Objects don't fit XML very well
Complex types and simple types
Simple types were supposed to make life simpler, but it turns out that if you add an attribute to an element, you need to change it from a simple type to a complex type - which is substantial syntactic and semantic work unless you've buried the details under tools.
XML is labeled structure
XML came with a deliberately weak notion of type. It maps well to loosely-typed languages like Perl or Python, in which a named container can hold whatever kind of information its creator deems appropriate. It maps pretty poorly to languages like C++, C#, or Java, where all type information must be known in advance.
Objects don't care about the order of methods or properties. Except in a few special cases (arrays, collections), things are referenced by name. In XML, order generally matters, with the sole exception of attributes. This makes extending and restricting XML structures much trickier than extending or restricting objects.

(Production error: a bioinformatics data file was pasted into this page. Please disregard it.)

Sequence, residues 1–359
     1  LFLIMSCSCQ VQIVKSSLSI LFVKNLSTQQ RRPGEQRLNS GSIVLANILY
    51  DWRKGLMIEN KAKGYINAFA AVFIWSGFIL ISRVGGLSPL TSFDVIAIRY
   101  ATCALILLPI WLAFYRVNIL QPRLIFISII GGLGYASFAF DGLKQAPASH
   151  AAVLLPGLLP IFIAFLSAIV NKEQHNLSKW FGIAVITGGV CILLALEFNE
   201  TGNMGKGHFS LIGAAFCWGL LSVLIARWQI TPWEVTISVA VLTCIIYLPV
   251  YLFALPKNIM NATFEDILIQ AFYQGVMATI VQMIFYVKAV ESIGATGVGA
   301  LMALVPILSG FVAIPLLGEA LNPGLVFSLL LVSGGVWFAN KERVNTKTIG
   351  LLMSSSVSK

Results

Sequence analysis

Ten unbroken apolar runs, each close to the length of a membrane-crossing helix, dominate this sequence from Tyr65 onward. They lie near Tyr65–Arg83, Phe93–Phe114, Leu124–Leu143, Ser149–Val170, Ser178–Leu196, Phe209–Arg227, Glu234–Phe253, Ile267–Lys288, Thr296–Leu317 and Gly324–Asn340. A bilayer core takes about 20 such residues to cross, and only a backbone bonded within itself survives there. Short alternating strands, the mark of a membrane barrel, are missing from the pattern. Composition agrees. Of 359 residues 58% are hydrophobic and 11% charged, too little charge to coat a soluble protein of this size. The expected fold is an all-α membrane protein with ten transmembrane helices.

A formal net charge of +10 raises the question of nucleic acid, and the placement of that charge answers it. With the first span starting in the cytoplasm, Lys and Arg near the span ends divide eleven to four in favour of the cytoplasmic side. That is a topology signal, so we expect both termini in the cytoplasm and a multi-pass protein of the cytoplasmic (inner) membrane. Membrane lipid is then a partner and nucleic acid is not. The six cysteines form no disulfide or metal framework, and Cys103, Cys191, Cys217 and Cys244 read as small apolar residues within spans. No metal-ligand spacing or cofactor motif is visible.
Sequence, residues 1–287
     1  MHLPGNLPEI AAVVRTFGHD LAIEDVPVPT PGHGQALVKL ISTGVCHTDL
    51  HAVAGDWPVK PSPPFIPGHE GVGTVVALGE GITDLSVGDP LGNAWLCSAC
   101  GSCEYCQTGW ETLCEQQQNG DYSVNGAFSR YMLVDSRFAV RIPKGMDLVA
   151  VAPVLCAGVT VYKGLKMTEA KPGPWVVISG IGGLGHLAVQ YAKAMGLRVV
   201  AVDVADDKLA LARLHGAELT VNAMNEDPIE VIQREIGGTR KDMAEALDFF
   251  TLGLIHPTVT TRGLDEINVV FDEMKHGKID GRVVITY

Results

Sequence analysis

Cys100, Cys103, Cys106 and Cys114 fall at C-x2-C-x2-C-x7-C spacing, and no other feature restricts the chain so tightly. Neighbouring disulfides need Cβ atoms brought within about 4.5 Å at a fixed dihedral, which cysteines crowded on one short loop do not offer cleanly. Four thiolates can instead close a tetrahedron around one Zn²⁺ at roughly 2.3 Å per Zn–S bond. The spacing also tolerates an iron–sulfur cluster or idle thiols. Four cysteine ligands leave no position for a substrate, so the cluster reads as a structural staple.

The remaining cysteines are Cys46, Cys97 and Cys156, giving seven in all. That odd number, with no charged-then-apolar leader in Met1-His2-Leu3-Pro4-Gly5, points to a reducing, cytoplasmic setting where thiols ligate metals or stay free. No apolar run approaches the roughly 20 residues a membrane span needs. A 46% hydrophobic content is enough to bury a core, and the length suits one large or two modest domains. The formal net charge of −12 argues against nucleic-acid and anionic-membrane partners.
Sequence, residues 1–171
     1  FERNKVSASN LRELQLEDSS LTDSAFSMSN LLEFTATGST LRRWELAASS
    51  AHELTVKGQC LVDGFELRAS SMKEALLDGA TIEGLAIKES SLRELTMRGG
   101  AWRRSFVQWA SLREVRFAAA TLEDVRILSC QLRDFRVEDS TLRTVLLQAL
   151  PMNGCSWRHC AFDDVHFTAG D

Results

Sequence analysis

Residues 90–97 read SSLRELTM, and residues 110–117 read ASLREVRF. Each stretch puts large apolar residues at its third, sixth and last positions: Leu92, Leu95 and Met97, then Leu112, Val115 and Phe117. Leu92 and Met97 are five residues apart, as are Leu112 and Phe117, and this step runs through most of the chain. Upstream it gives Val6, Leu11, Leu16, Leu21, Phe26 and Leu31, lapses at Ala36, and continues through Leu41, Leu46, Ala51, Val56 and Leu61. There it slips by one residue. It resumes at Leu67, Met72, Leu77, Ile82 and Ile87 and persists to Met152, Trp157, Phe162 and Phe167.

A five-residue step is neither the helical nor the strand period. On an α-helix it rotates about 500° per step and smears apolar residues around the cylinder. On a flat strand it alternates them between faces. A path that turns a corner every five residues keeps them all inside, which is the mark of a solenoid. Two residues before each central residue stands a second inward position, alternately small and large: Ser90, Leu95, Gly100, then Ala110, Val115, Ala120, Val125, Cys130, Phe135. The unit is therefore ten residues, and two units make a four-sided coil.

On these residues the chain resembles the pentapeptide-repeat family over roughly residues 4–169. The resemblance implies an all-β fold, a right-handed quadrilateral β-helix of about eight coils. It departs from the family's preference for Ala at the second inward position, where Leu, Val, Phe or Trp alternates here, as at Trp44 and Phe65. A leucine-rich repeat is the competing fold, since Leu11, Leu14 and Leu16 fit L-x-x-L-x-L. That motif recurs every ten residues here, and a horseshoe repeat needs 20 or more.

Different kinds of hierarchies
While XML is itself hierarchical, it's a a very different kind of hierarchy from an object hierarchy. Objects don't tend to have odd bits of text stuffed between them, while 'mixed content' is a feature - not a bug - of XML.
W3C XML Schema lets you do unusual things with meanings that vary in different contexts, especially on things like "local" (non-namespaced) content and "chameleon schemas".
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